Sir Patrick Cormack (South Staffordshire) (Con): As an unrepentant conservative who sees absolutely no need for the changes, I underline the point that my hon. Friend made when he talked about the collegiate nature of the body. I do not want a supreme court and I see no need for one. It is being visited on us unnecessarily. If we are to have it, we do not need to formalise its structures in the way that the Minister outlined and the Bill proposes. I do not want a proliferation of titles, as the members of the collegiate body are equals. I would prefer the informal arrangement that pertains at present to pertain in the supreme court.

Mr. Leslie: We do not propose to end the collegiate nature of the final court of appeal in our country—far from it. However, we want to make important improvements to the system. Clause 21 has not been over-criticised, not least because Conservative Front Benchers have realised that there is virtue in bringing greater transparency and formality to the appointment process, rather than having candidates emerging and then being appointed by Her Majesty on the advice of the Prime Minister without a clear and transparent process.

Sir Patrick Cormack: I am all for emerging.

Mr. Leslie: We will have to see whether the hon. Gentleman ever emerges in that context. We certainly do not want the proliferation of titles. Indeed, the title of Lord of Appeal in Ordinary needs to go, and we need to use the simpler title of supreme court justice. However, we debated that earlier.

The hon. Member for Beaconsfield (Mr. Grieve) asked several questions. We need a separate process for the appointment of the president and deputy president of the supreme court, although the process will be similar to that for any member of the supreme court. The holders of the posts will have slightly different jobs. The president will chair the selection committee to select new members and will determine whom to invite to serve as acting judges or on the supplementary panel. He or she will make directions about the composition of sitting panels and will make rules of the court. He or she will also have additional functions specifically pertaining to guarding the independence of the supreme court, namely the appointment of the chief executive, officers and staff. He or she will be involved in consultations around those areas and will work closely with the chief executive on the administration of the court's operation. Given that the post is different, it merits specific attention, instead of simply having an individual emerging from the body.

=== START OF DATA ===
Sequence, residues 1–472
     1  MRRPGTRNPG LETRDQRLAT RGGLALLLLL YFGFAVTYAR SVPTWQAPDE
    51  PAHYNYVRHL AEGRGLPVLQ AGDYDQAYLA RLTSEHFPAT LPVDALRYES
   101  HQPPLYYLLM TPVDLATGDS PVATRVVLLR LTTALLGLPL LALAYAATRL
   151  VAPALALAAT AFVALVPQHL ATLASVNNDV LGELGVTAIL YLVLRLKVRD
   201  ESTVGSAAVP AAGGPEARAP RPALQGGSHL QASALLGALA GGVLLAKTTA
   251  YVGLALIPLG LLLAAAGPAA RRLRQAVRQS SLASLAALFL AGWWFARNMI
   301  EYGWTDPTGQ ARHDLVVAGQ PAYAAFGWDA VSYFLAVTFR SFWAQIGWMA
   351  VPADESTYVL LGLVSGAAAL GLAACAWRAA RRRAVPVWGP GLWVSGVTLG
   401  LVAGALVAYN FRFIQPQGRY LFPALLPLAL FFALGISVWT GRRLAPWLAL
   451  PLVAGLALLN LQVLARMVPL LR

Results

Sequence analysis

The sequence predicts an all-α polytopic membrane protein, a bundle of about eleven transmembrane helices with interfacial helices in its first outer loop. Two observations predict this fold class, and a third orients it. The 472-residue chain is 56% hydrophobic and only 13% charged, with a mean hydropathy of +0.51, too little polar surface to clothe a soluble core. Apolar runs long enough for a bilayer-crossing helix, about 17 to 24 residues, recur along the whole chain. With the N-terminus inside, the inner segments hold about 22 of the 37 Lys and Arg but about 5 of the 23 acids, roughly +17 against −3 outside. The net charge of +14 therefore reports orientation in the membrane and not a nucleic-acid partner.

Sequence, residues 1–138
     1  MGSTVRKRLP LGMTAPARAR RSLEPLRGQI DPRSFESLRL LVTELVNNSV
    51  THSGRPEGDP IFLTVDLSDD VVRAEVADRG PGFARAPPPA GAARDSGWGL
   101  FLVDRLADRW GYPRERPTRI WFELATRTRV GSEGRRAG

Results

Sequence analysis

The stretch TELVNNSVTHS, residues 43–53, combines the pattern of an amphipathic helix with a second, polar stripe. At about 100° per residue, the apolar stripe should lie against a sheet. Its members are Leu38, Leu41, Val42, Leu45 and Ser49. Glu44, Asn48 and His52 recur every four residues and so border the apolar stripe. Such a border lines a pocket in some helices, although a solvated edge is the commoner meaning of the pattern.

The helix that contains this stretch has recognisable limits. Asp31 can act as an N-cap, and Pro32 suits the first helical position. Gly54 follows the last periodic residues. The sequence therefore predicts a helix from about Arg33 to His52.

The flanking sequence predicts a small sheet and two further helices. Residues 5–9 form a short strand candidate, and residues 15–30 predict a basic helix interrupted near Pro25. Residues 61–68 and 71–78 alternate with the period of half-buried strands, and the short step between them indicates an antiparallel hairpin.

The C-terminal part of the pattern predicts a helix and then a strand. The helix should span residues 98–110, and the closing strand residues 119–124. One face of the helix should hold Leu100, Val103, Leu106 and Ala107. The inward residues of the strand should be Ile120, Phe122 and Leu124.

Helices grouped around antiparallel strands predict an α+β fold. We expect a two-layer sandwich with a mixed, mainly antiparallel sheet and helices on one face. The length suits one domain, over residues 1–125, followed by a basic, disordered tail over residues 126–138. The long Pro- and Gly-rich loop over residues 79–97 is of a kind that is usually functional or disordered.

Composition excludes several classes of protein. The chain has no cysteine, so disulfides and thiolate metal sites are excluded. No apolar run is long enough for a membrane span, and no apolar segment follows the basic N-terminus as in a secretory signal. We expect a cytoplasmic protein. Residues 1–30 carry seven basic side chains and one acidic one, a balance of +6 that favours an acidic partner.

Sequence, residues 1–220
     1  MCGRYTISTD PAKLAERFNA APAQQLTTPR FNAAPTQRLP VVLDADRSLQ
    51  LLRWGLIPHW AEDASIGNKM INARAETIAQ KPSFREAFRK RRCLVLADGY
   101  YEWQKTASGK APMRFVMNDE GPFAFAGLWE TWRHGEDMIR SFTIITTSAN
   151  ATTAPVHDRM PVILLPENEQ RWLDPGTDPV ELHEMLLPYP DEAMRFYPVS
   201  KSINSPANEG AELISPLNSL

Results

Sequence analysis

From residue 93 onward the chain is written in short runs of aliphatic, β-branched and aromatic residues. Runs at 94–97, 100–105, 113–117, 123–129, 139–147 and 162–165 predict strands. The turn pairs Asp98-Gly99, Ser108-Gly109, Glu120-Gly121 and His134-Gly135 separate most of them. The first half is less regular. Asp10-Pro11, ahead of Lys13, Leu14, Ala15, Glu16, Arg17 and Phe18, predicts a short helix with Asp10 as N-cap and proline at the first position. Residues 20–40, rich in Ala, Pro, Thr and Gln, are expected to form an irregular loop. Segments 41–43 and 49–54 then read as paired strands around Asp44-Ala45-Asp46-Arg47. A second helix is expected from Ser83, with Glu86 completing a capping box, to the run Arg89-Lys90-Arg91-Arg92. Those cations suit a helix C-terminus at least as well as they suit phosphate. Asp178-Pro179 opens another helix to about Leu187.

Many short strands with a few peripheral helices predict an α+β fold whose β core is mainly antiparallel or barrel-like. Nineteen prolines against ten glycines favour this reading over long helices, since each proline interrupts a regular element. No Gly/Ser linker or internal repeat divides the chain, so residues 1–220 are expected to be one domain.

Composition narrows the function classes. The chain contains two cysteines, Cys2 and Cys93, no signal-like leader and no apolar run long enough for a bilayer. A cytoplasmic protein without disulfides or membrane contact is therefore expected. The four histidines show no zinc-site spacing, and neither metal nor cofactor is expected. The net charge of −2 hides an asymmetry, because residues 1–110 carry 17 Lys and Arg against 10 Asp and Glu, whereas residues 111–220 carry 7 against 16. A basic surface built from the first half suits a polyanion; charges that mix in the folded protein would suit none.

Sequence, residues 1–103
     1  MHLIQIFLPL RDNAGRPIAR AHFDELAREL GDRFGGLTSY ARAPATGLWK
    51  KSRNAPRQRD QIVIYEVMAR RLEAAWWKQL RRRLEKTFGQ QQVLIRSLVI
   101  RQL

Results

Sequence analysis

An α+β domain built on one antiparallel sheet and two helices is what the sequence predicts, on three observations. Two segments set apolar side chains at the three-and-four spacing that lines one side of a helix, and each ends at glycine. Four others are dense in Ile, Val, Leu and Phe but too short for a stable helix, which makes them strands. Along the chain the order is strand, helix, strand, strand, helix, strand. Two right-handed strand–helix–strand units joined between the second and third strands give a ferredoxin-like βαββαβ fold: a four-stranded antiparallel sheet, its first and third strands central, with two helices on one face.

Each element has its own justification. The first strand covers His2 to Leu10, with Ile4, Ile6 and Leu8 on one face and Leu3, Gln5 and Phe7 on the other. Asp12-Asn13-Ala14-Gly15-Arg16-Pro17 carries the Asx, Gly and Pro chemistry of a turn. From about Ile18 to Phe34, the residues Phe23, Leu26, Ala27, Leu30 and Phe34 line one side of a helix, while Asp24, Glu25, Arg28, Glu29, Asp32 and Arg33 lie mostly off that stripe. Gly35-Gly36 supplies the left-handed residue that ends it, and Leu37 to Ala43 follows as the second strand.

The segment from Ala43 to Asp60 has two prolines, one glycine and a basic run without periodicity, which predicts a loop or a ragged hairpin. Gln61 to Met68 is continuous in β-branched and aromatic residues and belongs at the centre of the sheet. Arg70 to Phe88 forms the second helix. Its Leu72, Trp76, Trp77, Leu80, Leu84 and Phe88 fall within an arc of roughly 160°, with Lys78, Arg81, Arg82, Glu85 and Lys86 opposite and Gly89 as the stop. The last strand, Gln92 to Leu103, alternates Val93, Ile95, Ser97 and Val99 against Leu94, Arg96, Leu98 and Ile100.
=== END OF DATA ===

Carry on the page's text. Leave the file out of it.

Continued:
I think that our proposals are pretty straightforward. When establishing a new court, we have to start somewhere. Clause 21 thus makes provision about the
 
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first members of the court at transition, with the existing senior Law Lord becoming the president and existing Law Lords becoming justices of the supreme court. The clause is the right way to proceed and I commend it to the Committee.

Question put and agreed to.

Clause 21 ordered to stand part of the Bill.

New Clause 4


Representations to the Northern Ireland Assembly